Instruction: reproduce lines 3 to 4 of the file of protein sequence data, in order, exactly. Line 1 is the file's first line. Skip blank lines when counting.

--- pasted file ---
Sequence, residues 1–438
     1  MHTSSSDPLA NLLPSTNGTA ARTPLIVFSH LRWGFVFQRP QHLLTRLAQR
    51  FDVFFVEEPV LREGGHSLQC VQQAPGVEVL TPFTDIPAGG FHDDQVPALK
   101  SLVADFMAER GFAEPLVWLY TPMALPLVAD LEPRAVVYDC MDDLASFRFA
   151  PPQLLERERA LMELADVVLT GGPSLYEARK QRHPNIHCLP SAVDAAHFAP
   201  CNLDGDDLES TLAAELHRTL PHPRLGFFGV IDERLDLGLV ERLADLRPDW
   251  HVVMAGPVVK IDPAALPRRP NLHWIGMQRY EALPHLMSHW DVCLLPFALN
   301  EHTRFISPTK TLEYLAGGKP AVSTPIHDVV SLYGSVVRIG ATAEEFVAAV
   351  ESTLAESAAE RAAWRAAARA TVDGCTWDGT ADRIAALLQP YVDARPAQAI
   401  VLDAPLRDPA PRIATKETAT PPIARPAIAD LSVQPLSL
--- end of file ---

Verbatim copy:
    51  FDVFFVEEPV LREGGHSLQC VQQAPGVEVL TPFTDIPAGG FHDDQVPALK
   101  SLVADFMAER GFAEPLVWLY TPMALPLVAD LEPRAVVYDC MDDLASFRFA